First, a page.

Reef fish follow their noses

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Reef fish follow their noses

August 21, 2014 - 18:00
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The vagabond butterflyfish (Chaetodon vagabundus; Chaetodonitadae), that like most marine fish species, discharge gametes into the water and the larvae spend more than a month in the ocean waters.

If fish and coral larvae opt to settle in coral-dominated areas instead of the degraded, seaweed-dominated reefs ecologists' efforts to restore reefs could become complicated.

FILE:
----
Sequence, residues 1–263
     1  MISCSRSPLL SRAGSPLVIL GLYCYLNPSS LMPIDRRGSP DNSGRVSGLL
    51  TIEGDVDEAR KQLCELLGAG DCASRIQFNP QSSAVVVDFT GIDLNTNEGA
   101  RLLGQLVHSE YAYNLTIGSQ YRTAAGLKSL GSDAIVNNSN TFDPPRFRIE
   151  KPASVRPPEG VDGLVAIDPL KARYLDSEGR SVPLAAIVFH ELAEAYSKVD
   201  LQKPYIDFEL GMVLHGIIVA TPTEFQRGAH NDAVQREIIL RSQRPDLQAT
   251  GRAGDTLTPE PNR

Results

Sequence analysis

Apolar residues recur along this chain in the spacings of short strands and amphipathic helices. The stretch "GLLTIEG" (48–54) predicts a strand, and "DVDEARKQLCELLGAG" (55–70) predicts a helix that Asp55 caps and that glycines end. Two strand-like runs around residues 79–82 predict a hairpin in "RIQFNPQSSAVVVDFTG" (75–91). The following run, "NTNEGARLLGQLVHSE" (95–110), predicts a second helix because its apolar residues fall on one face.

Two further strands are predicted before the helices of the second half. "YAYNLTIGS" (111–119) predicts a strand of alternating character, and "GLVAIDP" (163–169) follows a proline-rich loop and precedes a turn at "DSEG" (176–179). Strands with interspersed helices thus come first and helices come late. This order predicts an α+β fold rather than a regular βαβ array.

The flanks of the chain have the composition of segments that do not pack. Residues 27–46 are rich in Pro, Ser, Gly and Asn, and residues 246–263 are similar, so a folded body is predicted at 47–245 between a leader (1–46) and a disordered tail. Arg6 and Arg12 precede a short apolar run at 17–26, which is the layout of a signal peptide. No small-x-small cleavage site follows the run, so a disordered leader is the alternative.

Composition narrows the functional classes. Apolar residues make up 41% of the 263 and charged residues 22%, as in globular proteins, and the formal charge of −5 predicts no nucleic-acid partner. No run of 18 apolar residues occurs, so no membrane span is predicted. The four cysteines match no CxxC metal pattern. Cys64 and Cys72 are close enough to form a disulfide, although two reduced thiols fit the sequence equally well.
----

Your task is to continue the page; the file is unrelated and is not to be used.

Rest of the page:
With a series of experiments, a team of researchers led by Danielle Dixson from Georgia Institute of Technologyc ompared water from marine protected areas, where fishing is restricted and corals abound, to water from non-protected areas, where seaweed has largely replaced both corals and fish on the reefs.

They found that chemical cues expressed by healthy corals attracted coral larvae and young reef fish while cues from seaweed repulsed these aquatic drifters.

Since reefs around the world have been housing fewer corals and more seaweed recently, Dixson and her team suggest that many degraded reefs may need to be managed so that they produce the cues that attract -- rather than repel -- new fish and coral larvae.